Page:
Skills, Education, and Certifications
The good news is that you don’t need a four-year degree to own an HVAC business. However, depending on your state there are typically two routes to becoming an HVAC technician – trade or technical school or training through being a journeyman or apprentice.
The Journeyman – Apprentice Route:
To receive training through the journeyman or apprentice route, most states require 2000 hours per year on-the-job training and a minimum of 144 hours of technical training. Through this route, the individual will learn how to read blueprints, safety practices, various HVAC systems and tools of the trade.
Even though the student doesn’t earn a full technician’s wage, he will earn while he learns. This is a great option for someone who may not be able to afford the technical school route.
- At least 18 years of age
- Have a valid driver’s license
- Must have a high school diploma
- Pass a math test
- Pass a drug test
The Technical or Trade School Route:
Another option to becoming an HVAC technician is by completing a course or program at your local trade school, technical school or community college. A program typically last 6 months to 2 years, depending on the certification you desire.
After becoming an HVAC technician, you can continue your education and gain more certifications that will benefit your business by giving it credibility, open up larger and more complex projects, and allow you to earn more money.
Additional HVAC Certifications:
Remember the licenses and certifications vary from state to state, but here is a general overview.
EPA 608 Certification – covers four levels of certification that is required any HVAC technician working with refrigerants, including buying and handling. To gain this certification, a technician must pass a written test.
- Type I Certification – For Servicing Small Appliances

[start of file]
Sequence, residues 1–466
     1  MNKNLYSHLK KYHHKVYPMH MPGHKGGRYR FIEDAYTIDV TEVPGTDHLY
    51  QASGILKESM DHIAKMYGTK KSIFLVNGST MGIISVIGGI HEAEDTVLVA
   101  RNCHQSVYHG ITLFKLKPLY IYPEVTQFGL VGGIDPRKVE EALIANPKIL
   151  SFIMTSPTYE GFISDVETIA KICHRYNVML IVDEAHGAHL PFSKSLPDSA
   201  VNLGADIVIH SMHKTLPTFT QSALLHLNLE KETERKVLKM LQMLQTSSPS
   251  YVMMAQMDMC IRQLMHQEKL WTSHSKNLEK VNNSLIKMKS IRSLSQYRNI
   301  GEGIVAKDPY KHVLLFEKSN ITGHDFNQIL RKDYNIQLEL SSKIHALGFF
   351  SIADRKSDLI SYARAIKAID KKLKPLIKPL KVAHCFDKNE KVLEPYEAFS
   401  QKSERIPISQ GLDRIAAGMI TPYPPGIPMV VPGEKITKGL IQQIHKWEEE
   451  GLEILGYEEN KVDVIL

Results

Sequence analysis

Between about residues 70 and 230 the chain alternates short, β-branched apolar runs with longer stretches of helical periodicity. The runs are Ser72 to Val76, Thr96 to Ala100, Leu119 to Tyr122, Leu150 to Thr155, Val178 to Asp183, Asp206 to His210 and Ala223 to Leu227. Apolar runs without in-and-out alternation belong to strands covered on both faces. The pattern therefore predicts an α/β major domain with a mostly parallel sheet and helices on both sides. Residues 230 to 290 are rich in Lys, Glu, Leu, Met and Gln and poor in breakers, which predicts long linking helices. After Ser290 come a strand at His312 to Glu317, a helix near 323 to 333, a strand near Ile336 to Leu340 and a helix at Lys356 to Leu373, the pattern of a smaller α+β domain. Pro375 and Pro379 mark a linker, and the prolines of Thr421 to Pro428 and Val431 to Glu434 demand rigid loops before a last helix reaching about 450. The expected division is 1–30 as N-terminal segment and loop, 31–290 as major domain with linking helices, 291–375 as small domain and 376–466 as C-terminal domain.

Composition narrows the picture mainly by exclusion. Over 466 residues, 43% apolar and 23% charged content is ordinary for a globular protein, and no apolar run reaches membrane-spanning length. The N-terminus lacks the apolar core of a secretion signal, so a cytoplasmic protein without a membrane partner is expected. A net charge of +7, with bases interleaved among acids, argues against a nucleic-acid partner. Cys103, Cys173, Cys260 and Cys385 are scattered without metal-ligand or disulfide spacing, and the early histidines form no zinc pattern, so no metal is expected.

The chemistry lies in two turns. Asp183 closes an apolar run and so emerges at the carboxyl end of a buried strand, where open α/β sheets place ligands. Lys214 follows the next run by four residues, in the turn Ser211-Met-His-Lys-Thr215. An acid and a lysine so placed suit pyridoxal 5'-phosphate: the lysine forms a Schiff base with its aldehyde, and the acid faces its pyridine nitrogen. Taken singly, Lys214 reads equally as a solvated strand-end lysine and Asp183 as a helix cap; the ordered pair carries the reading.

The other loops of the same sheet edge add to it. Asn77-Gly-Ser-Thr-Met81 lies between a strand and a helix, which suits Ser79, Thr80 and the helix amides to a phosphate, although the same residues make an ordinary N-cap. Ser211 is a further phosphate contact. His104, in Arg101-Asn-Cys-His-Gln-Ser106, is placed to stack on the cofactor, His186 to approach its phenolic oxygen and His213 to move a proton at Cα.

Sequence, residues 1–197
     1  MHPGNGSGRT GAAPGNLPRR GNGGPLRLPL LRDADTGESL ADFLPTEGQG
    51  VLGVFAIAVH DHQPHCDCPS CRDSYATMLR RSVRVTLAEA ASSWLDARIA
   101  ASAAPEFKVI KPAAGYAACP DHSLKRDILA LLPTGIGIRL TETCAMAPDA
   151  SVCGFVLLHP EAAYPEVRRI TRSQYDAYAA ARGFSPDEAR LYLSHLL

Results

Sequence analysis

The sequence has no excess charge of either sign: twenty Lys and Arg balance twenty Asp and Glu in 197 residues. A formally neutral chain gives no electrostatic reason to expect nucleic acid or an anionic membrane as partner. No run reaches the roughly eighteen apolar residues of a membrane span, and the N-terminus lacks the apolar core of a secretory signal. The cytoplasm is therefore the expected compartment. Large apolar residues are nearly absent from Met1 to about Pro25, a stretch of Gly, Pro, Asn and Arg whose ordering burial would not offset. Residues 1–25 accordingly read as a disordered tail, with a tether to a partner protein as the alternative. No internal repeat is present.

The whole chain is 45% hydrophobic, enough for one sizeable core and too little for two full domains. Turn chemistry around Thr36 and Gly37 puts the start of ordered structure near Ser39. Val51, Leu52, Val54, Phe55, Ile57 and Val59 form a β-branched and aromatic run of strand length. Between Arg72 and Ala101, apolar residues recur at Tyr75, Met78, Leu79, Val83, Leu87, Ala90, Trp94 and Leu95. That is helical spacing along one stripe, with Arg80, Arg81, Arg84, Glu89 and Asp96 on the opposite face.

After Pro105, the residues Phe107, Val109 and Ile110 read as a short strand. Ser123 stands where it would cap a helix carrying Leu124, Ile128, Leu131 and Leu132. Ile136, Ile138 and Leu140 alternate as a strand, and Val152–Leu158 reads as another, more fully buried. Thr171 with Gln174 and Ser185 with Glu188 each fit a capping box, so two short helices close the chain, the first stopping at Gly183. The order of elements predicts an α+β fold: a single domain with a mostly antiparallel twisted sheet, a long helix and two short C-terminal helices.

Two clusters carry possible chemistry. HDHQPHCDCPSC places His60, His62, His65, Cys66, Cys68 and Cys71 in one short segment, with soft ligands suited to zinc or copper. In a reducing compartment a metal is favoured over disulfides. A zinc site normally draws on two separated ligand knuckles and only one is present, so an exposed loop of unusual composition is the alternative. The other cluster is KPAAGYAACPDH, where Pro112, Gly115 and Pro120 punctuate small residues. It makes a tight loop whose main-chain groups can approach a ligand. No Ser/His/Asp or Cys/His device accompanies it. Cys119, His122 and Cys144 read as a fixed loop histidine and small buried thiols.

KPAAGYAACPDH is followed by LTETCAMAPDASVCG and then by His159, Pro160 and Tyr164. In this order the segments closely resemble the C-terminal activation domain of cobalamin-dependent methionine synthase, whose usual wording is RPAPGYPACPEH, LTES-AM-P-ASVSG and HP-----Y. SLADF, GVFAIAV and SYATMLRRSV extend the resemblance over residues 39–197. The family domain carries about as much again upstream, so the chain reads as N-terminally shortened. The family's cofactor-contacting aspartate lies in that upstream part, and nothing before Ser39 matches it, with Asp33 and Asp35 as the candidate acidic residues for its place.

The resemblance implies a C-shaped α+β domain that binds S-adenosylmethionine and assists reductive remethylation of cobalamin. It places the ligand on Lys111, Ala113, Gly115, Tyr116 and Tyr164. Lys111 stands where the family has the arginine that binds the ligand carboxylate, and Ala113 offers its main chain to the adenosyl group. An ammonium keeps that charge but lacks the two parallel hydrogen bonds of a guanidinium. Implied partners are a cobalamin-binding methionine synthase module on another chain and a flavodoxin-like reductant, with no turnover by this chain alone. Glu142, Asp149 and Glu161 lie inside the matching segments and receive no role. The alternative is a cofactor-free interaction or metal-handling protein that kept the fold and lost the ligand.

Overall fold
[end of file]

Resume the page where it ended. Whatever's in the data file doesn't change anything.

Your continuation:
- Type II Certification – For Servicing and Disposing of Very High-Pressure Systems
- Type III Certification – For Servicing and Disposing of Low-Pressure Systems
- Universal EPA Certificate — For Servicing All Types of Equipment
NATE Certification – stands for The North American Technician Excellence (NATE) certification. After passing this exam, the technician is nationally recognized within the industry and tends to garner higher wages.
HVAC Excellence Certification – requires a couple of years of field experience before you are allowed to take this exam because of it test experience instead of book knowledge. Since this certification is widely recognized in the HVAC industry, it is worth obtaining.
Preparing to start an HVAC business is something that is not to be taken lightly. However, now it is probably the greatest time to start one. There are many steps to the process and we just covered the basics.
Michael Tobias PE is a visionary in the construction industry. His passion resonates as the Founding Principal of New York Engineers, an Inc 5000 fastest growing company. New York Engineers is the most innovative construction engineering firm focusing on Mechanical, Electrical and Plumbing (MEP) engineering designs in Chicago and New York. Michael has overseen the design of over 1000 construction projects in all market sectors, including LEED-certified and Passive House certified projects. He leads a global team of 50 top performers.